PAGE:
Infectious Leptospira cross-talk with host catecholamine’s during infection

Leptospira belongs to the family Leptospiraceae and the pathogenic species cause a zoonotic disease called leptospirosis. Leptospirosis is a worldwide zoonotic infection of human and veterinary concern, with approximately over one million cases reported annually. This disease has a higher occurrence in the tropical and subtropical regions. Humans are infected with the bacteria through direct or indirect contact with contaminated environments and exhibit a wide range of clinical manifestations, ranging from a mild influenza-like illness to a severe Weil’s disease. The sever form of leptospirosis affects multiple vital organs like liver, kidney, and lungs. In wild or domestic animals, leptospirosis my results into reproductive complications like abortion, stillbirth, and a decrease in the growth rate as well as in milk production resulting in huge economic losses. Leptospirosis is severely underdiagnosed owing to its symptoms being similar to other diseases. There is also a very limited availability of reliable and rapid diagnostic tests which makes it very difficult to confirm the disease.

Fig. 1. The characterization of LIC20035 of L. interrogans modulated by the host catecholamine. One of the genes differentially transcribed in the presence of catecholamines was characterized as an adhesion and a serodiagnostic candidate marker for leptospirosis. LIC20035 was determined to be a surface-exposed outer membrane protein with a binding affinity to a vast range of host extracellular matrix components. The recombinant LIC20035 could also be serologically detected using leptospirosis infected serum samples.

Microbial endocrinology studies demonstrate that many pathogenic bacteria can respond to the neuroendocrine environment of the host and upon infection, hijack the host neuro-hormonal products of physiological stress response such as catecholamines in humans and animals. Catecholamines (Epinephrine [Epi] and norepinephrine [NE]) are identified as the neuroendocrine mediators of fight and flight response of the host. Pathogenic bacteria intercept the host catecholamines and use them as an environmental cue to alter its growth and virulence during infection. The present study aimed at understanding the differential transcription of genes encoding membrane proteins of Leptospira interrogans on exposure to host-stress hormone catecholamines, under in vitro condition. The transcript analyses in response to Epi/NE and its antagonist propranolol (PO) using the real-time reverse transcription-PCR (qRT-PCR) technique of genes encoding membrane proteins of L. interrogans was investigated. It is anticipated that this approach will facilitate the identification of membrane proteins responding to host chemical signals with the potential to serve as new serodiagnostic antigens, and probable adhesins. As an initial step towards the comprehensive understanding of the effect of catecholamines on the transcription of membrane proteins of L. interrogans, one of the seven genes viz. LIC20035/LB047 showing a response to catecholamines was further characterized.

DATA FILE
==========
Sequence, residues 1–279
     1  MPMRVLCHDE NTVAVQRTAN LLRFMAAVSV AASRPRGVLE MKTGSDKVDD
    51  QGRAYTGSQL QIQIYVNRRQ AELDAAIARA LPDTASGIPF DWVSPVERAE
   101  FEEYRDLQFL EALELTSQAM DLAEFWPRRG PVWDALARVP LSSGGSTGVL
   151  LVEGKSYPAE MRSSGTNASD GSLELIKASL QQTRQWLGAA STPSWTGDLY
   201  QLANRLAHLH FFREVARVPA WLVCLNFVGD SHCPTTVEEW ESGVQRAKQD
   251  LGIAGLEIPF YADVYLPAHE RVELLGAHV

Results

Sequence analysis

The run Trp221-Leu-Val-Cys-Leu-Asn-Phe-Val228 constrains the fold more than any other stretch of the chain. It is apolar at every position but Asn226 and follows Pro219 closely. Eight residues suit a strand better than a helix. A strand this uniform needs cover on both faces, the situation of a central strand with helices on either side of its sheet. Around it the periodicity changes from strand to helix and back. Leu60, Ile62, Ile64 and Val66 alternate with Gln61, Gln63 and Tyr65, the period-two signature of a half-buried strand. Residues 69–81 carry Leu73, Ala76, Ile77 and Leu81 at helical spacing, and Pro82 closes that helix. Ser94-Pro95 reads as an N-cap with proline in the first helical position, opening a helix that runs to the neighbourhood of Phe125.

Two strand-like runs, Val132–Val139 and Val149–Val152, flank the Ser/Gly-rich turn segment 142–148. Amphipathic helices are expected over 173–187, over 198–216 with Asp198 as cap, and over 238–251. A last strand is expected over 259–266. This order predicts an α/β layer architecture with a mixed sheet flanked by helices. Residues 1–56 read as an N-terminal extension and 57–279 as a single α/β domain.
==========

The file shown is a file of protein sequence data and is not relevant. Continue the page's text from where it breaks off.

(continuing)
There was no impact of catecholamine supplementation on the in vitro growth pattern of L. interrogans, however, 7 genes out of 41 selected, were differentially transcribed in the presence of catecholamines and the effect of which was restored to the basal level in the presence of its antagonist propranolol. The comprehensive analysis of one of the differentially down-regulated protein LIC20035/LB047 due to catecholamine supplementation showed immunogenic and adhesin property to host extracellular matrices. Protease-accessibility assay and phase-partitioning of L. interrogans proteome describe LIC20035/LB047 to be an outer membrane surface-exposed protein. The recombinant-LIC20035 protein can be serologically detected using human and bovine sera tested positive for leptospirosis. Moreover, the recombinant-LIC20035 can bind to diverse host extracellular matrices with a higher affinity towards collagen and chondroitin sulfate. These results show that one of the host factors catecholamines is being adapted by Leptospira to disseminate in various host tissues. Future work on host-pathogen chemical signaling is needed for the development of wide-range of disease control approaches. We have identified a novel outer membrane protein of L. interrogans serovar Copenhageni strain Fiocruz L1-130, LIC20035 which can serve as an adhesin during host tissue dissemination and can also be utilized as a sero-diagnostic marker for leptospirosis across a wide range of hosts.

Karukriti Kaushik Ghosh, Aman Prakash, Manish Kumar
Department of Biosciences and Bioengineering, Indian Institute of Technology Guwahati, Assam, India

Publication

Catecholamine-Modulated Novel Surface-Exposed Adhesin LIC20035 of Leptospira spp. Binds Host Extracellular Matrix Components and Is Recognized by the Host during Infection.
Ghosh KK, Prakash A, Balamurugan V, Kumar M
Appl Environ Microbiol. 2018 Mar 1
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